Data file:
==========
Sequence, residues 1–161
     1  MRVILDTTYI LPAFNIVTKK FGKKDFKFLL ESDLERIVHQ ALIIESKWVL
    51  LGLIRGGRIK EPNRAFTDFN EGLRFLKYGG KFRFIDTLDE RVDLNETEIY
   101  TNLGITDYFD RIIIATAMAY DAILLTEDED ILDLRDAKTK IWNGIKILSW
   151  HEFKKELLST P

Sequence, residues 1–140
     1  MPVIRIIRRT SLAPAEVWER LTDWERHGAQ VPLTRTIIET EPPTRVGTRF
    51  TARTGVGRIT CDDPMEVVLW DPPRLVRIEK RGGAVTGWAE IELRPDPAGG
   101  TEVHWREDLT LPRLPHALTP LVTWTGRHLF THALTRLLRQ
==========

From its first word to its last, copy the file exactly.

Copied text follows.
Sequence, residues 1–161
     1  MRVILDTTYI LPAFNIVTKK FGKKDFKFLL ESDLERIVHQ ALIIESKWVL
    51  LGLIRGGRIK EPNRAFTDFN EGLRFLKYGG KFRFIDTLDE RVDLNETEIY
   101  TNLGITDYFD RIIIATAMAY DAILLTEDED ILDLRDAKTK IWNGIKILSW
   151  HEFKKELLST P

Sequence, residues 1–140
     1  MPVIRIIRRT SLAPAEVWER LTDWERHGAQ VPLTRTIIET EPPTRVGTRF
    51  TARTGVGRIT CDDPMEVVLW DPPRLVRIEK RGGAVTGWAE IELRPDPAGG
   101  TEVHWREDLT LPRLPHALTP LVTWTGRHLF THALTRLLRQ